To celebrate its 20th anniversary, Runga is playing the album in its entirely in special shows at Christchurch's Isaac Theatre Royal on October 20 and Auckland's Civic Theatre and Wellington's Opera House in November. Runga is an ambassador for the Maia Health Foundation, based in Christchurch, raising money for Canterbury's health system. She is donating $5 from each ticket sold at the Christchurch concert to Maia.
Early song Sorry is about the way Runga had to learn how to apologise.
"I was 19 when I wrote those lyrics," she says. "I don't know if it was a Chinese thing or just my mother. She was always like 'you don't say sorry, there's no such thing as sorry' and 'if you have to say sorry why did you do it in the first place? Don't do things that you have to apologise for' which makes for a stressful life. It was hard for me to get my head around the idea of apologising."
She says she wrote Drive "in about 10 minutes" backstage at a cafe on Queen St before her first Auckland show.
"I didn't have enough songs so I desperately wrote one before I went on stage. I remember writing all those songs in a really natural way."
When she was young and signed to a major label, she wishes she'd actively sought out an older female mentor.
"There were too many dudes around," she says.
A big part of her future is helping other artists navigate the tough world of the music industry.
Any advice for babies of the pop world?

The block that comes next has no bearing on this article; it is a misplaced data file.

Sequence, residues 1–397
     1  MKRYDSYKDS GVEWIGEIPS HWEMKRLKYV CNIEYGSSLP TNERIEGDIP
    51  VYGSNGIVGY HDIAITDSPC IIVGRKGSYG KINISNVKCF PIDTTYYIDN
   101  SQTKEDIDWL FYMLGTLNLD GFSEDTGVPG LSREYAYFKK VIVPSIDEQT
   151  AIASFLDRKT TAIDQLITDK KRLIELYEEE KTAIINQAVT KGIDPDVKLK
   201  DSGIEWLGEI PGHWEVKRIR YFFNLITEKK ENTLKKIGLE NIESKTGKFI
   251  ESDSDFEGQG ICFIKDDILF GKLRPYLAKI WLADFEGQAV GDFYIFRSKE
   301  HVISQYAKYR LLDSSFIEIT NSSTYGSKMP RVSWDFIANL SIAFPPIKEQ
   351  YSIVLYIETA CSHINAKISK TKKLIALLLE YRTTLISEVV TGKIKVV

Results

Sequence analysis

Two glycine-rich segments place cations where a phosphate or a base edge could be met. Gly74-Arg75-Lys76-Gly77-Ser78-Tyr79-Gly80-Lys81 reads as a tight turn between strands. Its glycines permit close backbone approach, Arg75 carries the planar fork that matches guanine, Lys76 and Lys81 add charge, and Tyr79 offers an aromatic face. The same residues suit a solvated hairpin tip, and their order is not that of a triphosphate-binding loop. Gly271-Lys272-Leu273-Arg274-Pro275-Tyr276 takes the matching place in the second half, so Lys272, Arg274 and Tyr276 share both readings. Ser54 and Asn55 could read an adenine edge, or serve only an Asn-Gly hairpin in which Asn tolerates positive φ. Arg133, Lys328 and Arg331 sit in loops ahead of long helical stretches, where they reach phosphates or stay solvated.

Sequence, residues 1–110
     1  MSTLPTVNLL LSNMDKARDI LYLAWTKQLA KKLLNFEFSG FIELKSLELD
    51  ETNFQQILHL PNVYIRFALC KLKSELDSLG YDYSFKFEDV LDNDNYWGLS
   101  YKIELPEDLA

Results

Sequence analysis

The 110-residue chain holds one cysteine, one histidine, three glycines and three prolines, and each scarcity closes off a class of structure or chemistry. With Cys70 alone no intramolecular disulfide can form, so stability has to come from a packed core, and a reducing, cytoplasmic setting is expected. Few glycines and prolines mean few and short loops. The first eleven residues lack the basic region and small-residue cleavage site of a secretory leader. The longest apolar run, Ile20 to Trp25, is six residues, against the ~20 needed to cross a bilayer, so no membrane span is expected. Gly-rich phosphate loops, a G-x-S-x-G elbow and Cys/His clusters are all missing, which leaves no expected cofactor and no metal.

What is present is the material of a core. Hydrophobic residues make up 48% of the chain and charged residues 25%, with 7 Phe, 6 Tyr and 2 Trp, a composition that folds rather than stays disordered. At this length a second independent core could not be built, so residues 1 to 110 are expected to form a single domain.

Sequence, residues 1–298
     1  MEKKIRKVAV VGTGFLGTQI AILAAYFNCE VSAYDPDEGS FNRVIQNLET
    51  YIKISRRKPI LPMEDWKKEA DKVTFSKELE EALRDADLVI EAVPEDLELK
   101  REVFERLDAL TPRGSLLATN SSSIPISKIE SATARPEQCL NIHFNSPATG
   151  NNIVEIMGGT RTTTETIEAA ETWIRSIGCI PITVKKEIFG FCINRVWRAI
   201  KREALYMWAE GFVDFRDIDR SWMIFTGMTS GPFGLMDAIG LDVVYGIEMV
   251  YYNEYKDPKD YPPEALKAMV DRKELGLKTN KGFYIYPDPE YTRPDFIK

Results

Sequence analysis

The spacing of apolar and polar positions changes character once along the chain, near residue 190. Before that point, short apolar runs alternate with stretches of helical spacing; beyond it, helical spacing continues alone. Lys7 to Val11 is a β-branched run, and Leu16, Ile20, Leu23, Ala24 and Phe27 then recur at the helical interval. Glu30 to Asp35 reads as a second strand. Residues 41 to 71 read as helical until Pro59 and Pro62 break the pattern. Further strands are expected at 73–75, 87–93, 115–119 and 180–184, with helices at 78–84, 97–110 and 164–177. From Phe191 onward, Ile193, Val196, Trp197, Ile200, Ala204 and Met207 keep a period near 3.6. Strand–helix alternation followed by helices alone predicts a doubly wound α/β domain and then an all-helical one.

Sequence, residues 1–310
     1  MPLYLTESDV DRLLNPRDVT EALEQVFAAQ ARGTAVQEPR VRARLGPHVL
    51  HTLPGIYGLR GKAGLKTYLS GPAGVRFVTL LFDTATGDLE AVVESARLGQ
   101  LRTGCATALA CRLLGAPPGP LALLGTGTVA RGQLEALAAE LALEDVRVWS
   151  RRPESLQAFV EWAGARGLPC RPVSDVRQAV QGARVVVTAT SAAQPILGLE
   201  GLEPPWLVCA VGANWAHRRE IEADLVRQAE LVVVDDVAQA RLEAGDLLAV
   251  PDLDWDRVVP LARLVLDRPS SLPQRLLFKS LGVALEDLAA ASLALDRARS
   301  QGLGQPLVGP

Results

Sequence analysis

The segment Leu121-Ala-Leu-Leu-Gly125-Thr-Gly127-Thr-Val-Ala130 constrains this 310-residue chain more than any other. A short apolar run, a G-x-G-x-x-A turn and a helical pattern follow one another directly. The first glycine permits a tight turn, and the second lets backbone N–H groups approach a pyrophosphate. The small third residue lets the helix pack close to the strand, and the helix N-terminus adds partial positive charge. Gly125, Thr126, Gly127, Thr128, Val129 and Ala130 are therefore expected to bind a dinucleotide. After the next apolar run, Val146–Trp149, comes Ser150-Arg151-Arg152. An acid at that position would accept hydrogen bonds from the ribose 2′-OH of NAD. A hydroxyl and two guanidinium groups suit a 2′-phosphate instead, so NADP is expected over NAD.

"I don't know, get a good lawyer," she says, laughing. "It's multi-faceted, the pitfalls are everywhere."
The biggest trap to avoid?
"Whoa... I think just being true to your music and your creativity is of the utmost importance. It's your job to stick to a vision that is original and your own."
Runga recently did an opera course with the Dame Malvina Major Foundation.
"You have to humble yourself to become a student again and it's really good for you."
She describes Major as a "wonderful mentor" and says she's "learnt a lot" from her.
With toddlers in the mix, how does she find space and energy to be creative?
Runga proclaims that her children are disinterested in her music: "I am not sure but I think they find me a bit boring."
But she and partner Kody Neilson (Mint Chicks/Opossum) have done a dance remix of Drive which is being released at the end of this month.
"The kids love it, we have just been playing it in the car and where they haven't listened to my music before, they really like this. I don't know, people might not get it but I think as a standalone piece it's really cool."
She can always tell her kids she met Jimmy Page which is her "absolute career highlight".
"I feel like a bit of a dork relaying this story... Jimmy Page from Led Zeppelin came to my show and we met before the show. If that wasn't enough when I went back to the UK I invited him again and we met again. I'm not suggesting we are best friends or anything but that was really special. The little bogan in me can die happy."
She's won nearly every music award possible in New Zealand, however, I do know there is one singing award Runga hasn't won.
In 1989, when she was about 13, Bic placed "second or third" in a talent quest at Christchurch's Hornby Mall.
"My prize was John Farnham and Rick Astley albums on vinyl," she recalls. "I had written the song myself, it was some sort of earnest protest song. I guess you can't win them all."